Chemotherapy for breast cancer
Chemotherapy is a treatment using drugs to kill cancer cells. Chemotherapy for breast cancer may be given:
- Before surgery or radiotherapy to shrink the cancer. This can mean having less surgery, and you might be able to have just the tumour removed (a lumpectomy) instead of the whole breast (mastectomy). Chemotherapy also reduces the risk of the cancer coming back.
- After surgery to reduce the risk of it coming back if the lymph nodes under your arm contained breast cancer cells.
- If you had a large tumour in your breast.
- If the breast cancer cells were high grade (grade 3).
- If the cancer cells didn't have hormone receptors and so hormone therapy is not likely to work well.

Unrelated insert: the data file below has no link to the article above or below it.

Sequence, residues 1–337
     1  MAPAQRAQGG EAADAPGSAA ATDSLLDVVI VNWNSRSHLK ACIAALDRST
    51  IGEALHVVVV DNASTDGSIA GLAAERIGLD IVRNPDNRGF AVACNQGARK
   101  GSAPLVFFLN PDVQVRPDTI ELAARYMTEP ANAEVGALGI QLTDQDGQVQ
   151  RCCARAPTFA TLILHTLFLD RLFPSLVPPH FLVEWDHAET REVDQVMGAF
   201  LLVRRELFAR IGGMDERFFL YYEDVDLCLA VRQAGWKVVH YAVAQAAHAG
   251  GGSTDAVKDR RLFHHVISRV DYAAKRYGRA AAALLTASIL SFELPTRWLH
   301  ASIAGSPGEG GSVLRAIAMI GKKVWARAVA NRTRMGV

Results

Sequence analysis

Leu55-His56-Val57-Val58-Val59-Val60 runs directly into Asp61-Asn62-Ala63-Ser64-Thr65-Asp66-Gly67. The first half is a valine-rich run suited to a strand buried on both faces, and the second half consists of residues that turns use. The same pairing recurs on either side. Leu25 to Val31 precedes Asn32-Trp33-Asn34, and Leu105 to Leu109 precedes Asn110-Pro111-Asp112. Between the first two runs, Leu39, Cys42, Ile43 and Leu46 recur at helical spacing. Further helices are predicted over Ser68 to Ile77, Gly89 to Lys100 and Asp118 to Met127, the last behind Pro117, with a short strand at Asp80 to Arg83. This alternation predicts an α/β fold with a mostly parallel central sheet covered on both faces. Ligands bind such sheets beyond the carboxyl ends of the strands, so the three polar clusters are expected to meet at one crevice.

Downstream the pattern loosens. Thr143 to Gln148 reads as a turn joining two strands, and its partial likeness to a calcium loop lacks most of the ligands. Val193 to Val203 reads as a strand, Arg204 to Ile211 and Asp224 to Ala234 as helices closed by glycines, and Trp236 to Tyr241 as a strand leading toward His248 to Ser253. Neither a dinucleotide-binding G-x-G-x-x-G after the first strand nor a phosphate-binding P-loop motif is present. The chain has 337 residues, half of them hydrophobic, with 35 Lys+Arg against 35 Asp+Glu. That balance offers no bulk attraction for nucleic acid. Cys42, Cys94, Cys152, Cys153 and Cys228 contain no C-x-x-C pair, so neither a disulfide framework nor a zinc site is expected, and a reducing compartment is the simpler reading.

- As a treatment on its own for breast cancer that has spread (metastatic breast cancer) or come back (recurrent breast cancer).
- As the first treatment for inflammatory breast cancer.
The drugs are usually given into a vein as an injection or through an infusion or drip.
There are different drugs and combinations of drugs, depending on your type of breast cancer and whether it is early stage or has started to spread (locally advanced and metastatic breast cancer). You can see the chemotherapy drugs usually used for breast cancer in Ireland on the HSE website.
For more information
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